As it turns out, I truly was fantasizing. Emmy’s transition to a daycare setting has not been easy, to say the least. The first two weeks she cried ferociously every time I left her in the morning, and her face was tear-streaked and utterly exhausted at pick-up time. I couldn’t bear the idea of leaving Emmy a minute longer than my work schedule allowed, so the “after-work workout” plan did NOT work out.
And then the onslaught of daycare-inspired sicknesses began. Emmy has had about 87 colds in the last 59 days. My husband has caught about 86 of the 87 colds. I believe Em attended 8 out of the 16 days of daycare she was supposed to attend (and we paid for!) in December and January. The rest of the time she has been cared for by grandma when possible (or C or me when not possible), with me shuttling back and forth from the office on my lunch break to breastfeed Em or take her to a doctor’s appointment. Needless to say, establishing a daily routine that allows time for personal fitness has not been a real possibility.
With Emmy’s seemingly endless congestion, coughing, vomiting and fevers, night times have been no easier or more predictable. Our family “down time” is spent snot-sucking or disinfecting the house, and our idea of a really good time is a night where we are all able to breathe out of our noses.
I have given up on the old fantasy, but am starting to work on a new one. In this fantasy, spring arrives in Albany on February 15th. Emmy’s daycare is able to open their windows to let air circulate, and there is no longer a marathon of viruses being passed back and forth between the children. I am able to go to the gym on the days when Emmy is attending daycare (with a 100% attendance record, of course), and am able to take a nice long jog/walk outside on the other days. I’ll be listening to “Party Rock Anthem” on my Sansa mini, and I won’t be feeling an ounce of guilt.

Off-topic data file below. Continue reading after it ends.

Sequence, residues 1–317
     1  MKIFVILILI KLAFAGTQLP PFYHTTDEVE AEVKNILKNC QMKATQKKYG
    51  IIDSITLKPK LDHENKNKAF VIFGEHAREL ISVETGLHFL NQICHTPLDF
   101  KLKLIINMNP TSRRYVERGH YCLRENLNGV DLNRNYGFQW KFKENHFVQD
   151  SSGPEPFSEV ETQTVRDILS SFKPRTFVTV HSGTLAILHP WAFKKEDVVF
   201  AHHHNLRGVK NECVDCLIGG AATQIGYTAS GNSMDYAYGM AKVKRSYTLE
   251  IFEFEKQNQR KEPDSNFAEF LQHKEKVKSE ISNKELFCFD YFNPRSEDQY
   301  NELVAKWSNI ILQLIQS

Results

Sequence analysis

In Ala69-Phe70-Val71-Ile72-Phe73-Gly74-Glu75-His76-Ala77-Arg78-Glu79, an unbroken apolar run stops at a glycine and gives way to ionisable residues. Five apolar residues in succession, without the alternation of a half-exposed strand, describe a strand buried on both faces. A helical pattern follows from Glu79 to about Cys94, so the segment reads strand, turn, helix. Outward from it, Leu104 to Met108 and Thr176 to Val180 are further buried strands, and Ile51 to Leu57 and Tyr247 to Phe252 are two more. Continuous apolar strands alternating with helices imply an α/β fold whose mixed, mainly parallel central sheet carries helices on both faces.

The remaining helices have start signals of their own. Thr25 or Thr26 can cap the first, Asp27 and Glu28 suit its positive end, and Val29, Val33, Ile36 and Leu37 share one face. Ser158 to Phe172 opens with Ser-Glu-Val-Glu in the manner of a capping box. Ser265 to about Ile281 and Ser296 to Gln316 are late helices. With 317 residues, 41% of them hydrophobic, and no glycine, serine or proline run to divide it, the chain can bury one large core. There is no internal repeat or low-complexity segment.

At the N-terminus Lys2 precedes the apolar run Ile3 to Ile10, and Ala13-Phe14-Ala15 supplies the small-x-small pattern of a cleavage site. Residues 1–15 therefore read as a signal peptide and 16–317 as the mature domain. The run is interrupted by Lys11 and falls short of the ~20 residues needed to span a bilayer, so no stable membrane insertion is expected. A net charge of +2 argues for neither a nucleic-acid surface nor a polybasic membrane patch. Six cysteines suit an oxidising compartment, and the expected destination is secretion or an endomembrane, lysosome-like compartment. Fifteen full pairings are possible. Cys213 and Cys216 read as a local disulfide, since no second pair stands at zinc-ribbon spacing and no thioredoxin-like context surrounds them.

Friday, January 27, 2012

“Today will be the day! I can do this! I can stop drinking coffee!!”

You are either laughing at me or with me.
 If you are laughing at me (in a smirky, “I don’t get it” kind of a way), you are probably a tea drinker with no children. Or you are a tea drinker with several organic-and-locally-grown-produce-only raised children, in which case, I bow to you.  You have my humble adoration. Truly, I wish I were you.
 If you are laughing with me, you are probably a coffee addict yourself, or at least a person who cannot start their day properly without a good cup o’ joe (I define myself as the latter, but know that the latter IS  probably the former, just more gently worded). You may be just like me, a coffee drinker who has read several articles about the benefits of green tea,  who would gladly make the switch to green tea if only green tea tasted JUST LIKE COFFEE instead of like mildew-y grass. You may be just like me, and go to bed at night telling yourself “tomorrow I am going to wake up, steep a bag of delicious chai, add a little honey and milk to that baby… Man, is that going to taste terrific”. And then your daughter wakes up twelve times during the night to nurse, and by morning time you have bags under your eyes the size of pillows, and you say to yourself “you know what? I don’t think chai tea is really gonna cut it today. TODAY I WILL drink coffee. But tomorrow, I’m all over that chai tea thing.”
I have thought of making tasty blended chai-vanilla shakes in the morning. That sounds good, right? In theory, it sounds great. But when you are running around like a maniac, trying to dress yourself and your daughter, pack her lunch for daycare, check the weather report, warm up the car, and wash last night’s dishes all in 20 minutes, blending a frothy tea-based beverage is the last thing on your mind. Especially when you know it won’t taste as good as coffee.
I’ve tried that Yerba-Mate thing too. Some people swear it has the earthy-goodness taste of coffee. In my opinion, it does have earthy goodness, but the kind that tastes like burnt dirt.
I did give up coffee for pregnancy, but that was only because G-d decided to play a joke on me and made me want to vomit every time I even SMELLED coffee. That’s actually how I discovered I was pregnant. I woke up two mornings in a row with a gag-reflex when I thought of having my morning “cuppa”, and knew something was definitely up with my body.  I remember that before I gave birth, I told myself I would stay a non-coffee drinker FOREVER, even as a new mama.  That decision lasted maybe three days. On the fourth day, after being up with Em for three straight nights, with my achy c-section scars and sore boobies, I needed a source of comfort that would simultaneously provide me with enough energy to just make it through another day. And so I reunited with my coffee cup, and the two of us have not been separated since.
If I get pregnant again, even if I don’t have the heeby-jeebies when I smell coffee, I will give it up for the baby’s sake. But in the meantime (or if I am not to get pregnant again), I really need to develop some willpower, or find a green tea that really does taste just like coffee.